Rezoning PlanIt's important that the Baltimore City...

LETTERS TO THE EDITOR

March 23, 1993

Rezoning Plan

It's important that the Baltimore City community muster all the support it can behind Mindy Mintz's call for delaying rezoning of the city schools until 1994 ("City Schools Shut Out Parents," March 7).

As a member of the community advisory committee Ms. Mintz said was ignored, I wholeheartedly agree with her assessment.

It's important to recognize, however, that to the extent the committee or the community was ignored, it was not intentional. I have had a number of positive meetings with members of the Planning Department at which I could get whatever information I needed.

From my perspective, two elements came into play: the complexity of the plan and the unfamiliarity of the school system when it comes to working with people.

The complexity of the rezoning problem made it impossible to figure out what information was needed and how it could be presented in intelligible form. The system failed on these counts.

With respect to community input, I suspect the system still believes the community forums and school board meetings were sufficient.

There doesn't seem to be any way to get them to realize that not only were they not sufficient, but they missed a wonderful opportunity to do something sadly lacking in the city's schools -- involve the parents and community.

Finally, I want to echo Ms. Mintz when it comes to the plan itself. It may have merit, but it is impossible to know. My experience with plans which are hastily drawn up to put out fires is that we'll be lucky if it's even adequate.

Ed Rutkowski

Baltimore

Retire, Stupid

The president's propounded tax plan includes raising taxes on the rich -- defined now as a couple making over $140,000 a year. The plan also seeks to raise taxes on "rich" Social Security recipients making over $32,000 a year.

Guess I'll post a sign over my desk saying "retire, stupid" so that I can thereby become "rich."

Double standards won't garner support for this plan or any other. Just remember this, retirees on Social Security (and other retirement programs) are the only recipients of "entitlements" that have paid for their "largess" through their own or their employers' contributions, not the taxpayers.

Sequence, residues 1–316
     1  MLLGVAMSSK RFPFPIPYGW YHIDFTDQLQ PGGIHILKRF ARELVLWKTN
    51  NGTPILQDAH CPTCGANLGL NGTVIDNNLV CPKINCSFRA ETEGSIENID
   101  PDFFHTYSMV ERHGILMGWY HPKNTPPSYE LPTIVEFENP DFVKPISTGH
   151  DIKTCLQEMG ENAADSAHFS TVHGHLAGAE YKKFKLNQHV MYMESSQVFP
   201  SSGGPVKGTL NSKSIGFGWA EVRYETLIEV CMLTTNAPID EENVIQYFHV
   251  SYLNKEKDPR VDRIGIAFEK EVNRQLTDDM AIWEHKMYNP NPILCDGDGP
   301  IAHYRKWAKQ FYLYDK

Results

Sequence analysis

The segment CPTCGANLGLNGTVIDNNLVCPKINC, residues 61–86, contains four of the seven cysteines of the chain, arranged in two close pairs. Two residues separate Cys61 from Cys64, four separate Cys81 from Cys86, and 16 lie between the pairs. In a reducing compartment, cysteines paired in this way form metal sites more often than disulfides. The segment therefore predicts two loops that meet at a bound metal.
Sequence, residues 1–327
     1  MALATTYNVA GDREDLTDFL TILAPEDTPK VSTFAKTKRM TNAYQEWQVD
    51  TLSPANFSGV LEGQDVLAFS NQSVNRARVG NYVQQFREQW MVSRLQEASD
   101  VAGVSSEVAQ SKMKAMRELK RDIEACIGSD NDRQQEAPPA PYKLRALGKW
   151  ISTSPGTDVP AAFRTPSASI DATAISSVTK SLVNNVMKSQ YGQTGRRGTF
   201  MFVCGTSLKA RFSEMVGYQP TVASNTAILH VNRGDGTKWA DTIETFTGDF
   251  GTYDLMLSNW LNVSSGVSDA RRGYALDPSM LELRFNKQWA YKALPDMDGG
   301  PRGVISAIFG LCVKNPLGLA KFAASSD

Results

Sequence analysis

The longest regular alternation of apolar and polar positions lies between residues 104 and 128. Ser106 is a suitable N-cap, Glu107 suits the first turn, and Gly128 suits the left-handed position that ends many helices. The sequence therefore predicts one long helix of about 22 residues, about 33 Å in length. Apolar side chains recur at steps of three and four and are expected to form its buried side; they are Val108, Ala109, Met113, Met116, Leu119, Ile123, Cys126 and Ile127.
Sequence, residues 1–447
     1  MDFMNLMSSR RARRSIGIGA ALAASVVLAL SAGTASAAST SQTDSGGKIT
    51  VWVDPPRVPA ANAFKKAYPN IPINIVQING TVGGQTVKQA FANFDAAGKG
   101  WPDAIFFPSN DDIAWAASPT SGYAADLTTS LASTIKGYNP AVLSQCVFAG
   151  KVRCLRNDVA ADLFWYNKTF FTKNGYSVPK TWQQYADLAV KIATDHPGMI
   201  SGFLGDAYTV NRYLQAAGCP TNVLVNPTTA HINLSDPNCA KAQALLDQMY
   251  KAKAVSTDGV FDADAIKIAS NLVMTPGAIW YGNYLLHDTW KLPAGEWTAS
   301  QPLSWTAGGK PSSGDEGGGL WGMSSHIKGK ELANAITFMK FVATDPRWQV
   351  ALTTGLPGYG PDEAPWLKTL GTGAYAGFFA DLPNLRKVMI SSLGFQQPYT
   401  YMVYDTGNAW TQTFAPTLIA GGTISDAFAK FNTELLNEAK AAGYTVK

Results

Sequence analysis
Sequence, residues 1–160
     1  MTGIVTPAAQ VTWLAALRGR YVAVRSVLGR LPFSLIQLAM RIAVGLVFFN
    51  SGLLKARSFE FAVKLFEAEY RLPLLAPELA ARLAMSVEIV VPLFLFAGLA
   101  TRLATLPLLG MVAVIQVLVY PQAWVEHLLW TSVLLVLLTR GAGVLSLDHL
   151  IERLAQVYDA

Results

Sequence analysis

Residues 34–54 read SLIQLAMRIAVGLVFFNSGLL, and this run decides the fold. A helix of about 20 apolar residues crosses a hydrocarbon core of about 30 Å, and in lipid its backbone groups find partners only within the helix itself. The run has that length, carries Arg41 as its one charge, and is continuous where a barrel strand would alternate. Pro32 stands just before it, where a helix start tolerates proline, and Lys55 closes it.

Maybe we could collect more taxes by raising the income tax on those netting over $75,000 instead, as I think they're really closer to being "rich" than the old geezers.

Also, this would let our elected representatives and other officials who created the problem share in the pleasure of paying for it.

Imagine! Tax Congress! Might even snare a few lawyers in the process.

Lloyd W. Wood

Columbia

Convention Center

In September 1992, I visited Indianapolis, site of the Academy of General Dentistry's 1994 annual meeting. If Indiana and Indianapolis can do what they have done with the Hoosier Dome and Convention Center, why can't Maryland and Baltimore accomplish similar results here?

How did they finance their embellishments and additions now nearing completion? How are they able to compete so well with Chicago, regionally, nationally and even internationally, to bring meetings there?

It may behoove those involved in the planning, development and financing, and the members of the General Assembly, to investigate the financing that did take place there.

We need not be reminded of how emotional Marylanders feel about Indianapolis. Keeping up is not quite as good as being ahead of them, but let's do it. The people of this state and tourists will benefit in so many ways.

Although I am a neophyte in the convention planning activities of a major organization, it is easy to see the importance of the city and its facilities. It is very apparent to me as one of a council now deciding on a site for 1999 in the West. The convention centers of Denver, Vancouver, Salt Lake City, Anaheim and Las Vegas are all impressive.

Our 1995 meeting is scheduled in Baltimore. We are aiming to draw 10 percent of our membership of 33,000. When you add spouses and families, we are looking at a potential of 7,000 to 10,000 visitors in all.

Although our event will be somewhat impacted by the construction activities if passage of the Convention Center addition occurs, I think the impact of this advancement is so significant that I wholeheartedly support the obligations necessary.

Fred Magaziner

Baltimore

The writer is chairman of local arrangements for the 1995 annual meeting of the Academy of General Dentistry.

Was It No Big Deal or a Cheap Shot?

Dan Rodricks' sanctimonious ramblings March 6 were to be expected.

Everyone was making such a big deal out of Rep. Roscoe Bartlett's choice of the word "normal" when referring to the lack of European names among the list of winners in the Westinghouse Science Talent Search scholarship program. Big deal.

The "politically correct" among us, including Mr. Rodricks and the better part of The Sun's writers, would have chastised him no matter what words he used, just for raising the issue in the first place.

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